June 5, 2015 | Brazil holds more than 12% of the world’s fresh water, but citizens in parts of the country – notably Sí£o Paulo – have suffered unprecedented drought this year – in part due to a inability to appreciate the links between forests and water supply. This failure, however, has led to a new appreciation of the interdependent services provided by its vast natural resources: the carbon that its forests retain as they regulate water and thousands of species of plants and hundreds of species of birds and freshwater fish in its Canadian-sized Cerradoamong others.
The Brazil Ecosystem Services Matrix allows users to track ecosystem service programs throughout Brazil.
The country is also home to thousands of programs that use payments for ecosystem services (PES) to finance conservation by recognizing the value of these services. In Brazil, the best-known form of EPS is REDD – an acronym for programs that conserve threatened forests by mobilizing carbon finance to “Reduce emissions from deforestation and degradationbut the most advanced programs are about water – often restoring the forests that regulate waterways.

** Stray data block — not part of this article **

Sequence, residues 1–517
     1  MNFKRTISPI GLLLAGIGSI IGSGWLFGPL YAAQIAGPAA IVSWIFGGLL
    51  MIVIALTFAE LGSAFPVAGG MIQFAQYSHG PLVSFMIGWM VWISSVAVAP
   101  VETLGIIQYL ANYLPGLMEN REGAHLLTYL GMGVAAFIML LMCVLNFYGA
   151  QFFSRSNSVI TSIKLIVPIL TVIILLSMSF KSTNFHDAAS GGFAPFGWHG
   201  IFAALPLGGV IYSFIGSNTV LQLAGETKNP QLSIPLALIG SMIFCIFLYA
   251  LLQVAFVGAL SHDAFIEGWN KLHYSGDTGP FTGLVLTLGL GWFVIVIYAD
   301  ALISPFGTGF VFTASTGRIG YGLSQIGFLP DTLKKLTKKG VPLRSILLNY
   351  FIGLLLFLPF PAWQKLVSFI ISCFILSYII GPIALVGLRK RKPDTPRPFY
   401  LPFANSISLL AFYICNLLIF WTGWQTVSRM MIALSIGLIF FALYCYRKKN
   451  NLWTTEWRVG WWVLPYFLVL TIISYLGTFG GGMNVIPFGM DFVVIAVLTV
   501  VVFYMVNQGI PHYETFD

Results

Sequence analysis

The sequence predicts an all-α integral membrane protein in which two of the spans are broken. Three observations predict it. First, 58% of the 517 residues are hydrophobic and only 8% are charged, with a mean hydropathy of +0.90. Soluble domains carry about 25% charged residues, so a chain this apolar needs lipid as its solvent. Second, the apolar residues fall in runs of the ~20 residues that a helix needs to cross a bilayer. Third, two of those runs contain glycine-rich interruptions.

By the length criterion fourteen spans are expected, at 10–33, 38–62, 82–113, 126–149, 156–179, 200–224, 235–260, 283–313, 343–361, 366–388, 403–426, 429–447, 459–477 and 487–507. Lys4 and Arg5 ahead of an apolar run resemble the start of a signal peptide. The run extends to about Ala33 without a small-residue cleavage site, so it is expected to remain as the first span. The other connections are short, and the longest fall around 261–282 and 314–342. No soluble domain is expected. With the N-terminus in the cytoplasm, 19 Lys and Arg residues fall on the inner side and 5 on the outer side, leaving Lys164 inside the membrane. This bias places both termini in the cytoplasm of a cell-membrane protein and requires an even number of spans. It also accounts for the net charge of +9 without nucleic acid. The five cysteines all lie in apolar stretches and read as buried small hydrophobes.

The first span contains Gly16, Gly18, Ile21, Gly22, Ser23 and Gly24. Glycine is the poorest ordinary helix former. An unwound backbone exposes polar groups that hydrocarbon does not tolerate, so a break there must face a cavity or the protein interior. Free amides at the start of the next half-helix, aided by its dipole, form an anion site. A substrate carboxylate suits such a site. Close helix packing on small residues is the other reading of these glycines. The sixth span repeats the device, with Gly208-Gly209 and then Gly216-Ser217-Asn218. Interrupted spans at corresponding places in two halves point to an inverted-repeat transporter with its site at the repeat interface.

For such programs to realize their potential, policy makers need to know what works and what doesn’t – but until recently, this information was scattered in isolated pockets across the country. That changed last week when Ecosystem Marketplace publisher Forest Trends unveiled the Brazilian Ecosystem Services Matrix (Matriz Brasileira de Serviços Ecossistíªmicos), with the support of the Brazilian non-profit association Fundo Vale and the Good Energies Foundation. The Matrix is a database of over 2,000 PES programs across Brazil categorized by type: water, carbon, biodiversity, sustainable agriculture, livestock and “multiple”. The “multiple” category refers to those that bundle multiple ecosystem services into a single payment plan or that incorporate the cost of the service into the price of a product such as certified timber.
“The most visible aspect of the matrix is the interactive map, which we call the ‘viewer’,” says Beto Borges, who led the effort at Forest Trends. “We have also summarized the main findings in a brochure entitled “Economic Incentives for Ecosystem Services in Brazil” (Incentivos Econí´micos para Serviços Ecossistíªmicos no Brasil), and we have made them available on a attachwhich you can find if you go to the Matrix home page and click on ‘documentos’, but it’s really huge.”